Originally, it was deemed by the founders to be prudent to caution members against treating with subjects which might be politically or religiously controversial. Thomas Plunkett observed in a paper he wrote for the Club’s 30th anniversary, 100 [110] years ago, that one of its most rancorous meetings once took place at the home of Judge Thomas Colt in 1880. It seems that at this particular meeting, George P. Briggs read a paper on Marcus Aurelius during the course of which he ascribed to that Roman emperor such “Christian” virtues and attributes as would assure him eternal life, i.e. a place in heaven. Plunkett observes in his paper that “subsequently the heavy pastoral guns of the church” (there were three clergymen in the Club at the time) “were brought into action greatly to the irritation of the reader, Briggs, who defended himself with ability and considerable heat.” And Plunkett (our own T. F. Plunkett Jr.’s ancestor) goes on to state, “those of us who were wise, kept out of the conflict, or attempted to be peacemakers. It was abundantly proven that the founders of the Club were wise in excluding partisan and sectarian subjects from papers to be read.” Whatever the case, since 1916 the Club’s by-laws have made no provisions against papers dealing with controversial subjects. In clerical terms, readers have what the clergy would call a “free pulpit.” The only requirements pertaining to papers to be read by members is that they be no more than 40 minutes long and the reading or program together with the discussion to follow ought not extend beyond two hours. As for the subject, it can be based on any scientific, literary or general interest matter so chosen by the person who is scheduled to prepare the program for the meeting.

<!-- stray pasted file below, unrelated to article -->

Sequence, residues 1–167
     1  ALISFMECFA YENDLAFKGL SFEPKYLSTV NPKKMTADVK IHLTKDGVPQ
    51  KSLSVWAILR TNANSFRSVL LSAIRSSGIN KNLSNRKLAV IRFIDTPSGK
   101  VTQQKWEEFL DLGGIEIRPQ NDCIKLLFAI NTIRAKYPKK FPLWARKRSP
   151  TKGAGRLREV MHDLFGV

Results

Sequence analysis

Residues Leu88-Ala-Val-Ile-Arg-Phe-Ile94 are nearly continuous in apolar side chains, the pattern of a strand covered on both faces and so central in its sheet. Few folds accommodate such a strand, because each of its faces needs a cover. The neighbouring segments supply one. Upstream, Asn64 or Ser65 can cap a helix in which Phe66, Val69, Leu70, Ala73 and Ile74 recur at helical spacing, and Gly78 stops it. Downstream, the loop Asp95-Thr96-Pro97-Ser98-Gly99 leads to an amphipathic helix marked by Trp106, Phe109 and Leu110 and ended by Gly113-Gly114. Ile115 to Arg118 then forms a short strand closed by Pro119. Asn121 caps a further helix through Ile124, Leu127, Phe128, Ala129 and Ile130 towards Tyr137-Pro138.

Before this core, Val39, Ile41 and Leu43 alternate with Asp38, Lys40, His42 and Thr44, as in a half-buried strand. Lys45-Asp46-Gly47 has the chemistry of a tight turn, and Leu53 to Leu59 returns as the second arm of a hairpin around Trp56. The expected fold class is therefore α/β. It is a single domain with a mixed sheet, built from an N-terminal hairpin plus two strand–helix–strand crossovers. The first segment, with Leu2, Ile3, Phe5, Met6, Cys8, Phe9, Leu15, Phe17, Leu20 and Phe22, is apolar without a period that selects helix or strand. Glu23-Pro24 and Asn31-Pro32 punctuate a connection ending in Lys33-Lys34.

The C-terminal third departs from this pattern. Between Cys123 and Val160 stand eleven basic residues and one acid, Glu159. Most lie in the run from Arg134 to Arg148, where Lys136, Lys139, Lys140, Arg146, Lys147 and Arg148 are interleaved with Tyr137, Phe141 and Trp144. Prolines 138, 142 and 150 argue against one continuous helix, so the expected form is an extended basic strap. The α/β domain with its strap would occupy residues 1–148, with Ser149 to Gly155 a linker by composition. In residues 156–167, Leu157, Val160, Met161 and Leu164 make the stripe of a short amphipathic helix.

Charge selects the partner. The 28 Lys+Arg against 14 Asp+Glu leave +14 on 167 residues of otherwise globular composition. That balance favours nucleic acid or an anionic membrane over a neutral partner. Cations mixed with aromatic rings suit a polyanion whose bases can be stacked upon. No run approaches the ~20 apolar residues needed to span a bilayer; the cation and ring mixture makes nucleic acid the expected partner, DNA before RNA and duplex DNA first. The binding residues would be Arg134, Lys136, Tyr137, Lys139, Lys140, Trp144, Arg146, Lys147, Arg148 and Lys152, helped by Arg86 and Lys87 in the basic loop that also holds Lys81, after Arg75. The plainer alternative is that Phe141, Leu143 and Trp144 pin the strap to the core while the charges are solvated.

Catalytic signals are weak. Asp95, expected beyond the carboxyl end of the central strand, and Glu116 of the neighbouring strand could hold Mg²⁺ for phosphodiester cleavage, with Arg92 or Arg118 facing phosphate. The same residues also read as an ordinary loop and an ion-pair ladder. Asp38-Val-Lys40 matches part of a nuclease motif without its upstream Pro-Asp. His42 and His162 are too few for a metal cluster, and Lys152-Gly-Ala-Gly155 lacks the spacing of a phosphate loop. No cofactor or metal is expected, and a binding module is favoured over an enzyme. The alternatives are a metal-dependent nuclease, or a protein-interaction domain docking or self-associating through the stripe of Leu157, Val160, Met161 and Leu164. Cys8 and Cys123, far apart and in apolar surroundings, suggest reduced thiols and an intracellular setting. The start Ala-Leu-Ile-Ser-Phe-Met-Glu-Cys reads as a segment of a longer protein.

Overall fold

Good attendance was a by-law mandate. However, early in the Club’s history, rathe than exercise the by-law provision for dropping members for frequent absences, fines of 25 cents per absence (and tardiness, too) were levied at the end of the year and collected. The minutes record the names of those penalized and in view of the totals collected the Club’s treasury must have been considerably enhanced because it was not unusual for anywhere between four to thirteen absences to be recorded for a meeting.

As for the governance of the Club, that has always been quite simple. From the start there was the need for one member to arrange the schedule of meetings and designate the readers and hosts, and therefore, a Club secretary was a necessity from the start and the by-laws so indicate this need. At first there were two secretaries chosen by lot every year. But this obviously proved unsatisfactory and before the first year had ended it was decided to elect a permanent secretary. From 1879 to 1909 George H. Tucker served in that capacity — a period of some 30 years. My own tenure as Club secretary began in 1972 and I, obviously, am in the midst of my 27th [37th] year of service in this capacity. The Club also has an interim chairman — whoever may be the host for the dinner meeting — and an executive committee of three members, who are, according to the by-laws, supposed to be elected at the start of each year but in current practice are now the seniors in terms of length of Club membership. Our current [1999] executive committee consists of Robert G. Newman, Roger B. Linscott, and Thomas F. Plunkett Jr. [Currently in 2009: Kelton M. Burbank, William A. Selke, and Albert E. Eastman]